Millennium Post

CII points out issues to be ironed out for smooth sailing of GST

Kolkata: Requesting for simplification of GST compliance and implementation, Confederation of Indian Industry (CII) has highlighted the issues of filing of returns, matching of invoices and claiming timely credit of input tax credit (ITC) as areas to be addressed in smoothly transiting to GST.
CII is in agreement with the proposals presented to the GST Council by Nandan Nilekani, former chairman of the Unique Identification Authority of India and the Chairman of Infosys. "If the buyer accepts supplier invoices on the GST system, this automatically determines the input tax credit (ITC). In the proposed model, there will be no mismatch or reversal," Nilekani said.
It may be mentioned that GST was introduced on July 1, 2017.
According to CII, simplification of GST compliance would result in higher number of returns filed, increased collection of revenues and easier working capital management by trade and industry. The GST network (GSTN) functioning and return filing formats could be tweaked to ensure acceptance of invoices.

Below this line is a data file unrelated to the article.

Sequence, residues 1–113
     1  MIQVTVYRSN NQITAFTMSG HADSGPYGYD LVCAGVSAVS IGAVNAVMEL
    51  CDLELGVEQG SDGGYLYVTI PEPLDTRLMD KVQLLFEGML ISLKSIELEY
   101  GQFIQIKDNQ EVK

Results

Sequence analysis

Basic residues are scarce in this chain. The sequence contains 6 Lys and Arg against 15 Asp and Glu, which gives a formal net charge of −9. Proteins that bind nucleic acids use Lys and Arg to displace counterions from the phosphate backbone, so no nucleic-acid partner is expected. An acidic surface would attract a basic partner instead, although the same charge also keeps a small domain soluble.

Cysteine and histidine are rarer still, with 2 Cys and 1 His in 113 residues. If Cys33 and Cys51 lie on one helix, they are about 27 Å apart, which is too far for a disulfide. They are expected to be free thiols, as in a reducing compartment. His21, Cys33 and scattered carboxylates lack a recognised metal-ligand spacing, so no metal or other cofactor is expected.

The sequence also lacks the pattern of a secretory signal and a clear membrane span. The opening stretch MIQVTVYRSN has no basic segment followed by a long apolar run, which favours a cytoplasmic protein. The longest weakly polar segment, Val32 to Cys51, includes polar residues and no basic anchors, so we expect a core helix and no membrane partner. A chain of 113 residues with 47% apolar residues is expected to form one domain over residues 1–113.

CII stressed the need for designing a fool-proof and effective return filing system, where seamless and speedier ITC can be availed by the recipient, as against the current requirement of filing three GST returns.
In some sectors with thousands of invoices daily, this exercise leads to complexities such as mismatches, ITC reversal with interest and reclaim of ITC. Currently, the buyer is responsible for ensuring tax payment by suppliers to avail ITC. Mismatch in invoices due to filing errors leads to funds being held up.
Nilekani noted that a successful model should align with the natural business process and further suggested that the proposed process will offer multiple channels for upload and acceptance of invoices and filing of returns.
CII is hopeful that their suggestions will pave the way for smoother implementation of GST and simplification of return filing system, which in turn will enhance tax revenues towards a successful 'Good and Simple Tax'.

Next Story
Share it